By accepting God’s mercy, we become more able to give ourselves, to help those in need – wrote Bishop Wiesław Szlachetka, chairman of the Charity Committee of the Polish Bishops’ Conference, in the Word for Mercy Sunday, which falls on the 2nd Easter Sunday.

Bishop Szlachetka recalled that the Feast of Divine Mercy was established by St. John Paul II on 30 April 2000, the day of the canonization of Sister Faustina Kowalska. This feast day is also the patron feast day of Caritas and marks the beginning of Mercy Week: “a time in which we are invited to read more carefully the needs of the poorest and those who are calling for help,” we read in the Word.

This year, the 77th Week of Mercy will be celebrated under the catchphrase: “We are called to mercy.” Bishop Szlachetka noted that it coincides with the time in which, for over a year now, we have been struggling with the difficulties resulting from isolation. “It’s hard to accept with tenderness the weakness that is overwhelming us! We are affected by loneliness, fear, suffering, depression, and death. The young and the elderly feel it even more. It might seem nothing better could happen to us than returning to things as they were before. However, Christ invites us to advance and so be able to see what is good, too,” he wrote.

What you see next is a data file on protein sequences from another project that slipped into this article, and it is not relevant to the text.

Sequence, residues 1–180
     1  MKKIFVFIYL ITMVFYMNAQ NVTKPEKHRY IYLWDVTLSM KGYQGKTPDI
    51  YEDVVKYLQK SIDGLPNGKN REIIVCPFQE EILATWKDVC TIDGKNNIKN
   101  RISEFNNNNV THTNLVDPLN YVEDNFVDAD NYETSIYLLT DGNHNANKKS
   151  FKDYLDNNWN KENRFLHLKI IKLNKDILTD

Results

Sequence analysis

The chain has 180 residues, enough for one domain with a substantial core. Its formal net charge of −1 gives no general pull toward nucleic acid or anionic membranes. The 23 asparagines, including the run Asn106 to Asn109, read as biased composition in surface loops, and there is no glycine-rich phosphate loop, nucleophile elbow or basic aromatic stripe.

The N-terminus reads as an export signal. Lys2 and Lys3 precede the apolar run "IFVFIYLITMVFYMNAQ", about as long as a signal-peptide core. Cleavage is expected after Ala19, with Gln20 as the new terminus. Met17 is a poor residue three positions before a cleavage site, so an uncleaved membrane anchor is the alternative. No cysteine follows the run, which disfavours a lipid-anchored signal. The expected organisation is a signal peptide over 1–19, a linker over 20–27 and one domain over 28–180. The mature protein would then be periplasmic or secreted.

Bishop Szlachetka recalled that, this year, we are celebrating the 30th anniversary of Caritas operations in Poland. “We look with hope at what we have managed to do, especially in times of darkness, difficult and often hopeless times,” he wrote, referring to the campaigns “Help for the Elderly” or “Grateful to Medics.”

“It might seem that, at such an uncertain time, many people will only try to secure their future and their personal interests. Yet, we can see that this difficult situation has released in us a great deal of solidarity and understanding!”  emphasized Bishop Szlachetka. He added that the stream of help and kindness translated, as part of the “Family to Family” program, into aid for Venezuela, Beirut, and Croatia, as well as for Syria, affected by the war. “Abundant help comes from human hearts because having the experience of community and the perspective of eternal life, we can overcome our own fears and weaknesses,” emphasized Bishop Szlachetka.

Press Office of the Polish Bishops’ Conference